Here’s a dirty secret about polls: People want to back winners more than they want to be honest about their own preferences.
Following the Iowa caucuses, both Bernie Sanders and Marco Rubio made gains in national polls. For voters in California, New York, Louisiana, and every other state that isn’t Iowa or New Hampshire, nothing changed following the caucuses. The candidates were still the same people with the same experience and policies and backgrounds. Nothing substantive happened to change people’s minds.
Except some candidates won, and some lost. And Americans hate associating themselves with losers. We throw people under the bus with a speed that is stunning. And nothing leads us to kick out one beloved political or pop culture figure like another person coming along who is shinier, sexier, winningier.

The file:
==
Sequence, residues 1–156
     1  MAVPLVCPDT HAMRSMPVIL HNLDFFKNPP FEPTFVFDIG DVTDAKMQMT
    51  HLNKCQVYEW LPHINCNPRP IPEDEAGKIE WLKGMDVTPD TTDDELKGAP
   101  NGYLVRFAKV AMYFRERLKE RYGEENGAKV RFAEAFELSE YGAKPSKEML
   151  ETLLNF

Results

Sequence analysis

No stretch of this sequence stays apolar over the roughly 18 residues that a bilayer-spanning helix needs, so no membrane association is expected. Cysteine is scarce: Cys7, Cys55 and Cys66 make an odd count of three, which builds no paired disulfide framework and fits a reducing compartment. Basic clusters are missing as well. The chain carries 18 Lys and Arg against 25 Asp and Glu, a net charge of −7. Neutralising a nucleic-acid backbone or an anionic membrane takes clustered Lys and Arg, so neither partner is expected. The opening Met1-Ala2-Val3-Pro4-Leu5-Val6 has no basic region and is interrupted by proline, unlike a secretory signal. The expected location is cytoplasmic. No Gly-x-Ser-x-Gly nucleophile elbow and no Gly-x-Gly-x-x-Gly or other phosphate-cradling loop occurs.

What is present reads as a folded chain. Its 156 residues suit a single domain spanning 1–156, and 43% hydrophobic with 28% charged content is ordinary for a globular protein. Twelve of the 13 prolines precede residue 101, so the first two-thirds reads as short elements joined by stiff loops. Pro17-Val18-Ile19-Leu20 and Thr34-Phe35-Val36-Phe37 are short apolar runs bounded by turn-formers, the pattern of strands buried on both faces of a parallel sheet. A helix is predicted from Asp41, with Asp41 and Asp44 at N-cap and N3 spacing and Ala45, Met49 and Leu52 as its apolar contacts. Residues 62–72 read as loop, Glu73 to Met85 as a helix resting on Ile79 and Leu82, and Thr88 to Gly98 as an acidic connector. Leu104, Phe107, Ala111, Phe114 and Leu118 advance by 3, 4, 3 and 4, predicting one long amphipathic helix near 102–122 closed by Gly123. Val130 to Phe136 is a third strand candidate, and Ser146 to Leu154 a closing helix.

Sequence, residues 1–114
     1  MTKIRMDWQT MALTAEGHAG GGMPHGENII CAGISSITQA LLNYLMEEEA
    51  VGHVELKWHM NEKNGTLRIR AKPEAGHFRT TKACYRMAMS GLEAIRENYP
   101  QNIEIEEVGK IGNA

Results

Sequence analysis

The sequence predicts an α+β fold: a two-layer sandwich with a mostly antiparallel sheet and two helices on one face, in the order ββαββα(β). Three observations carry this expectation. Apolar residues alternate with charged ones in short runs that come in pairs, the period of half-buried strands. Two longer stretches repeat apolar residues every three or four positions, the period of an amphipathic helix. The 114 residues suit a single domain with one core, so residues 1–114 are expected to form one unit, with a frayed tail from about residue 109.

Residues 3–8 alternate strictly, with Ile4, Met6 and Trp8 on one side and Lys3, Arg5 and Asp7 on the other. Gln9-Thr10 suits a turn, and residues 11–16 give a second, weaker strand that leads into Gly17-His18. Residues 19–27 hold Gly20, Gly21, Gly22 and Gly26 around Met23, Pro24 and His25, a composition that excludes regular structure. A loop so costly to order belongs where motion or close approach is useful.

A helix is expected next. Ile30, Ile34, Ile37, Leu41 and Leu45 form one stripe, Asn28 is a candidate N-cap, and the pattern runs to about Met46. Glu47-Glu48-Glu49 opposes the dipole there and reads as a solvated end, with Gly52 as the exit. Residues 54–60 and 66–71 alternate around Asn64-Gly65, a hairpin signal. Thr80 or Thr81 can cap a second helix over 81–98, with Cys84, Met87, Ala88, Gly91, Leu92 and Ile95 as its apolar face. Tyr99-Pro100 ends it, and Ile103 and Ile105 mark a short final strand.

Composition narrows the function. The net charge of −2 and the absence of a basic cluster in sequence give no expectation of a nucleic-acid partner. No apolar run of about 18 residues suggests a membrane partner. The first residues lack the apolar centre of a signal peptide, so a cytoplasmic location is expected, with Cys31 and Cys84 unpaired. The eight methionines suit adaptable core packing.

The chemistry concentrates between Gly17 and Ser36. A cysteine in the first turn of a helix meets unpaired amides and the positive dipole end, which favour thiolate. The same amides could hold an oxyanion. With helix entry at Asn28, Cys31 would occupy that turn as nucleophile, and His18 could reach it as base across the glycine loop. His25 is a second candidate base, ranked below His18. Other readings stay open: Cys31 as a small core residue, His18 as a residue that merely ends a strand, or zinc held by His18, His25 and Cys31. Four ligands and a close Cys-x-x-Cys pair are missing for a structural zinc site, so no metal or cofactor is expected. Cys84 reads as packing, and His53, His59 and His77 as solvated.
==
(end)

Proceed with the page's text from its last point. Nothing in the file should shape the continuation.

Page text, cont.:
Sanders tied Clinton in Iowa when the common wisdom was he would lose. Rubio finished third, and it was not only a strong third but the national media couldn’t stop crowing about how well he’d done. So come Wednesday morning, the two winners from Iowa were Sanders and Rubio.
Lo and behold, they went zipping up the polls. Same old candidates, brand new results.
For Clinton, this phenomenon will haunt her another week and a half: she’s going to lose badly in New Hampshire but should win South Carolina and Nevada. If she can win those decisively, the barely committed poll respondents who are swayed by whoever the latest winner was may change their minds yet again. Or it could be too late by then.
Trump’s advantage is that he has a big lead in New Hampshire and far fewer religionists to undermine his campaign. He has a chance to stem the Rubio tide. Clinton needs to lose by as little as...